a posteriori; the other of a justification of cause, a priori. So also in Luke 6:36 mercy is required, “be
merciful,” while it is forbidden in Deuteronomy 19:13, “you shall show no mercy.” One commandment is
for private citizens; one for magistrates. Or (2) the same thing is not described according to the same
qualities, as Matthew in 26:11 denies the presence of Christ in the world, “You will not always have me/,
while in 28:20 he promises it, “I am with you always, to the end of time.” One statement is made with
respect to the human nature [of Christ] and his bodily presence; the other with respect to the divine
nature and his spiritual presence. Or (3) the statements are not made with regard to the same
circumstances, as when one is absolute and the other relative. “Honor your father,” but, Luke 14:26, “if
anyone does not hate his father.” One statement is to be understood as absolute; the other as relative, in that our [earthly] father must be loved less and placed after Christ. Or the statements do not refer to the same time, whence the maxim, “Distinguish the scriptural times and relationships.” Thus circumcision is both exalted, as the great privilege of the Jews (Rom. 3:1- 2), and deprecated as a thing of naught (Gal. 5:3). One statement refers to the time of the Old Testament, when it was the ordinary sacrament and seal of the righteousness of faith; the other to the time of the gospel after the abrogation of the ceremonial law. Likewise the apostles were sent on a special mission to the Jews alone before Christ’s passion, and were forbidden to go to the Gentiles, “Do not go into the way of the Gentiles” (Matt. 10:5), but after the resurrection [they were sent] on a general mission to all people (Mark 16:15).
X. Although we attribute absolute integrity to Scripture, we do not hold that the copyists and printers have
been inspired, but only that the providence of God has so watched over the copyists that, although many
errors could have entered, they did not, or at least they did not enter the codices in such a manner that
they cannot easily be corrected by comparison with other copies (ex collatione aliorum) or with [other
parts of] Scripture itself. So the basis of the purity and integrity of the sources does not rest on the
inerrancy of human beings but on the providence of God, who, although the men who copied the sacred
works could have introduced many errors, always carefully looked after them and corrected them, or else
they can easily be corrected either by comparison with the Scripture itself or with better codices. Therefore
it was not necessary to make all the scribes infallible, but only so to guide them that the true reading can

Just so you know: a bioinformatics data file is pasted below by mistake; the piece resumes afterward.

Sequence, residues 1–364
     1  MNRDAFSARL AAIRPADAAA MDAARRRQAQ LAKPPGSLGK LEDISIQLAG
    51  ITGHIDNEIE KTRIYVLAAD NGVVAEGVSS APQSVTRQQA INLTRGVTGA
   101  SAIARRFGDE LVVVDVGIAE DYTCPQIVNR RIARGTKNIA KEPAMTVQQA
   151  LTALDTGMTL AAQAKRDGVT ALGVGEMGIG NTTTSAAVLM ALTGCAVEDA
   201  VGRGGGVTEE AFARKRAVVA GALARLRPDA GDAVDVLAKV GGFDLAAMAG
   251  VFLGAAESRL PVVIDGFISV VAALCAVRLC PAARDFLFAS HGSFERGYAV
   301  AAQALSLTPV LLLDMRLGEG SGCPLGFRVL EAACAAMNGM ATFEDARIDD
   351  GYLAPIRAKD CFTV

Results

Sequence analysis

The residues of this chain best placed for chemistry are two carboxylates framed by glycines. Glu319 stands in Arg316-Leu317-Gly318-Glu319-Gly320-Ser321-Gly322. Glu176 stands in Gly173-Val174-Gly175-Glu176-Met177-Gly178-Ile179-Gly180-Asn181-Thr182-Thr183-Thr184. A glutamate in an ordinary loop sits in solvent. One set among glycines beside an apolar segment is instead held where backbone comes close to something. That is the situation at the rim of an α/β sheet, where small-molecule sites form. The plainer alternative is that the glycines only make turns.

always be found, and this book far surpasses all others whatsoever in purity.
XI. Although we cannot quickly find an obvious harmonization, free from all obscurities, between Scripture
texts which involve names, numbers, or dates, these problems, are not to be quickly classed as insoluble,
or if they are called insoluble, they are such because of human ignorance, and not because of the problem
itself, so that it is better to acknowledge our ignorance than to accept any contradiction. These records are
not written so exactly that all the circumstances were included. Many facts were certainly condensed into
an epitome; others, which seemed unnecessary, were omitted; and it is even possible that these passages
have various relationships which were well known to the writers, although now hidden from us. Hence Peter Martyr says very well concerning II Kings 8:17, “Granted that there are obscure passages in
the chronologies, it is not to be conceded that, for the purpose of reconciling them, we say that the sacred
codex is false. For God, who in his mercy willed that the holy (divinus) books be preserved for us, gave
them whole and not corrupted. Therefore when we are not able to explain the number of years, the
ignorance under which we work must be admitted, and it must be remembered that the sacred book is
written with such brevity that it is not easy to find out from what point the reckoning of time was begun;
the Scripture, which, if it failed in one or another place, would also be suspect in others, remains
uncorrupted.” And again, about I Kings 15:1 [he says], “It is not uncommon, in this record, for the
number of years which is attributed to the kings to appear to have little consistency. Doubts of this kind